Kenitra - Despite being the land of scientific and technological breakthroughs, America is home to the most unhappy people on Earth.
Kenitra – Despite being the land of scientific and technological breakthroughs, America is home to the most unhappy people on Earth.
Here, I will not refer to displeasure in vagueness, but rather set an exemplary field which is of concern to myself as an educator. The most cosmopolitan, diligent universities and educational institutions are on American lands: they are sought by students and academics from diverse overseas countries for the great reputation they enjoy over the rest of world’s educational systems.
In TedX lectures, the most well-known lectures platform on the internet, a myriad speakers and education experts give more discontented than appreciated speeches about American mainstream education.
Endless examples from Dan Pink, to Cindy Foley, to Christopher Emdin, all level significant critiquing of the status-quo of the American education system and on the global education systems at large.
The viewer is very likely to believe that American schools—as well as American teachers—are sites and agents of failure and frustration for students’ mental abilities and creative skills. American education experts, or at least a significant portion among them, believe that their education is based on the instilling of information and knowledge into students’ minds rather than utilitarian skills for innovation and relentless creativity.
In the words of Christopher Emdin, the flaw lies with teacher training, which normally accentuates the teaching of conventional pedagogy and bygone teaching-learning approaches; meanwhile, the modern era dictates the learning of “teaching magic.”
Therefore, there is a dire need to free trainees into autonomous way of learning the magic of the job through voluntary attendance of rap concerts, accompanying cab drivers, and so on. These sites, according to Emdin, enable novice and potential teachers to acquire skills and techniques of storytelling, which would eventually enable them to seize the minds and affections of their students and make classrooms beloved places.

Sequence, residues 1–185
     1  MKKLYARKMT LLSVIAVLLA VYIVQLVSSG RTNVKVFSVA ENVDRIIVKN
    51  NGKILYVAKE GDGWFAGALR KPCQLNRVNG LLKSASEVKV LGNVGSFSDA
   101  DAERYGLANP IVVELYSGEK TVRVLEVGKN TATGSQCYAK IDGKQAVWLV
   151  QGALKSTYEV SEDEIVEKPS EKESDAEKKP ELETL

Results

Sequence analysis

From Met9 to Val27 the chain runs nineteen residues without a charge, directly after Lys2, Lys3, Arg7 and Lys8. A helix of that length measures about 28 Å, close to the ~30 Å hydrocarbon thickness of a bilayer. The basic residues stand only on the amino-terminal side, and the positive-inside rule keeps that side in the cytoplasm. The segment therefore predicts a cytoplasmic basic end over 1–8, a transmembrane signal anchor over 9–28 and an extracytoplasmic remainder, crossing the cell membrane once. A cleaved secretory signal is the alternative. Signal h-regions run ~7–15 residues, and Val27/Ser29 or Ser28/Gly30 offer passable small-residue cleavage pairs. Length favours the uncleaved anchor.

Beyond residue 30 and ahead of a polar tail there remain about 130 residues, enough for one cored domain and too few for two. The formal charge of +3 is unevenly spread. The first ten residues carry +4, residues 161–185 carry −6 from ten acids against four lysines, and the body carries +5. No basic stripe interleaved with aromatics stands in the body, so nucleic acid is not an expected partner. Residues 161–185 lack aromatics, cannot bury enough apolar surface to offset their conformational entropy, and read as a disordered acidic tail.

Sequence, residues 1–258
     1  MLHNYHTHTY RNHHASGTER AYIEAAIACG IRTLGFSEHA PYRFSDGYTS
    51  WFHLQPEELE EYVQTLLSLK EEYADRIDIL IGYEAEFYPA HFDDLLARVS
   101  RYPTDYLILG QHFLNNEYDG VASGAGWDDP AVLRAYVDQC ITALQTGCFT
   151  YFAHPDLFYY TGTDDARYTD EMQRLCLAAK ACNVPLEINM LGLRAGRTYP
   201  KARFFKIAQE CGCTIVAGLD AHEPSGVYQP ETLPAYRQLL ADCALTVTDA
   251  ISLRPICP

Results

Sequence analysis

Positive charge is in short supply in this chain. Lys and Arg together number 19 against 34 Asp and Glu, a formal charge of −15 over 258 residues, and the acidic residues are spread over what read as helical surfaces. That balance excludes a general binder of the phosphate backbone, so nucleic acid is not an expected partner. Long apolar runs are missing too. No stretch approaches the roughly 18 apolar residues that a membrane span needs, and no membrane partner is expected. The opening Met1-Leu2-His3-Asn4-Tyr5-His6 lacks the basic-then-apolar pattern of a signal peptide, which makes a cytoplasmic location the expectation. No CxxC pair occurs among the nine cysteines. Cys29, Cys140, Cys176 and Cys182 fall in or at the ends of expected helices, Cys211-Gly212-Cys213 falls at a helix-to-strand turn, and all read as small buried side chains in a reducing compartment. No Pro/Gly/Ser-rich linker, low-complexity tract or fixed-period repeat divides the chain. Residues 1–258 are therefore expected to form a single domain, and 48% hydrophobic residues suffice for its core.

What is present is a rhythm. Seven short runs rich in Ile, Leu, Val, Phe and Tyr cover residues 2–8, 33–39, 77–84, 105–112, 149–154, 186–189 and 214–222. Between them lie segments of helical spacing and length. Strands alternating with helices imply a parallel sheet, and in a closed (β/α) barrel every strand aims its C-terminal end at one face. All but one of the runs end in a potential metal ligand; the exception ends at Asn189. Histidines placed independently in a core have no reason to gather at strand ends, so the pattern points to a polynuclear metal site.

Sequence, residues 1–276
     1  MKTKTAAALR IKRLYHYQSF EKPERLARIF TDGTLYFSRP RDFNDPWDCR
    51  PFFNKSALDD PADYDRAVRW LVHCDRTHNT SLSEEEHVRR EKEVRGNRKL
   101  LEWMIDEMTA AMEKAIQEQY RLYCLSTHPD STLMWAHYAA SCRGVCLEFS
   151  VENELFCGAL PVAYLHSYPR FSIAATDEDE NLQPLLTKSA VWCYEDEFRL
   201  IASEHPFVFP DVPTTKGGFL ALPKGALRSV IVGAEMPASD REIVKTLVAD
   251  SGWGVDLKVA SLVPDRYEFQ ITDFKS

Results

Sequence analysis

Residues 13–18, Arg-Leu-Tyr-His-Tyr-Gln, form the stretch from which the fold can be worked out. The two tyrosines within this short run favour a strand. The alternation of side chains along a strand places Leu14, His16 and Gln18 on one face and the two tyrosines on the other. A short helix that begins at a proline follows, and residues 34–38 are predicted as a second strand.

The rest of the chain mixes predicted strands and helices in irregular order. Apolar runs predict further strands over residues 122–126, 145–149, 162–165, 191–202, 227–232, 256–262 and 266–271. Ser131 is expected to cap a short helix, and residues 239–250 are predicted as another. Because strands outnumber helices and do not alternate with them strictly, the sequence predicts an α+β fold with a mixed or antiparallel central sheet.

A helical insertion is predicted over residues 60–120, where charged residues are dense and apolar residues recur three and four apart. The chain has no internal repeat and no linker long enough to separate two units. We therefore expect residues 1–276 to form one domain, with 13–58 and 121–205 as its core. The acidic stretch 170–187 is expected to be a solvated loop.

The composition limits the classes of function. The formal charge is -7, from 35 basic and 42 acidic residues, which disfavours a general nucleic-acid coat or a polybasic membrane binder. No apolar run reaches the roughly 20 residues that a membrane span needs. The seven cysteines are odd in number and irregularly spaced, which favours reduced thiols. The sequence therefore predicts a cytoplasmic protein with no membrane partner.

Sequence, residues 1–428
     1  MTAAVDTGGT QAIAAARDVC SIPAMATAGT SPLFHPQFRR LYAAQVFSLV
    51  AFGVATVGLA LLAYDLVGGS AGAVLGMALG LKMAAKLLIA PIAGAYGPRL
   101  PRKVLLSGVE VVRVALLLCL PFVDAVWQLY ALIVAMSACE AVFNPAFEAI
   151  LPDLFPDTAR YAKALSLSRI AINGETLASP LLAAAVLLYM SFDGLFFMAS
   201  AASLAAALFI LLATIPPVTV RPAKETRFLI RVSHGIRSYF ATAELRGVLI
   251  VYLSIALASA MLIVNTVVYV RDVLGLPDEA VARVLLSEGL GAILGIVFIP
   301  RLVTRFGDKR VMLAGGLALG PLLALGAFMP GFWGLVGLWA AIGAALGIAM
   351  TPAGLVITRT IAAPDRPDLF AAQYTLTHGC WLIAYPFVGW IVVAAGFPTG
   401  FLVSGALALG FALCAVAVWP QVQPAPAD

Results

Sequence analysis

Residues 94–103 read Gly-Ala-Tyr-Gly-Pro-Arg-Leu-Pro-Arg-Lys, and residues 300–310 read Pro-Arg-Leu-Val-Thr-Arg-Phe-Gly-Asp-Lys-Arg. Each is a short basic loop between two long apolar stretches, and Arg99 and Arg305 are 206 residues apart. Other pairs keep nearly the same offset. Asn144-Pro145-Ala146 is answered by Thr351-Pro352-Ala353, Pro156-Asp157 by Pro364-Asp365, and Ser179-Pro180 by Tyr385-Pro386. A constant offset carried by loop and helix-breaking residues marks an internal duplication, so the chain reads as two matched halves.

In America, people are constantly complaining, criticizing, and preaching novel patterns of more efficient change. Is it really a matter of voids to be filled, or is it a state of continuous intellectual and academic war seeking sensible ideas that envision a common sustainable good?
Even in his candidacy, President Barack Obama adopted the slogan of “change” in his huge electoral campaign, and quite certainly his successors will raise the banner of change in their pursuit to occupy the hottest seat in the country.
In our nations, commonly referred to as MENA countries, no such slogans are chanted and no reform is deemed an urgent matter. The status quo takes decades to change and when people grow aware of the conundrum, no one seems to take the matter at adequate seriousness. There is no change, or at best, it is very slow.
This case of mismatching philosophies accounts for America’s leading position over other countries in many spheres—though in education, some countries have overtaken the American model.
While it seems that Americans are permanently uneasy towards their higher policymaking—a cause for continuous instability and controversy—it actually yields more productive outcomes. It stirs relentless refinement carried out by expert educators in order to better a sector that is very sensitive and instrumental to an individual and a nation’s sustainable growth.
© Morocco World News. All Rights Reserved. This material may not be published, rewritten or redistributed without permission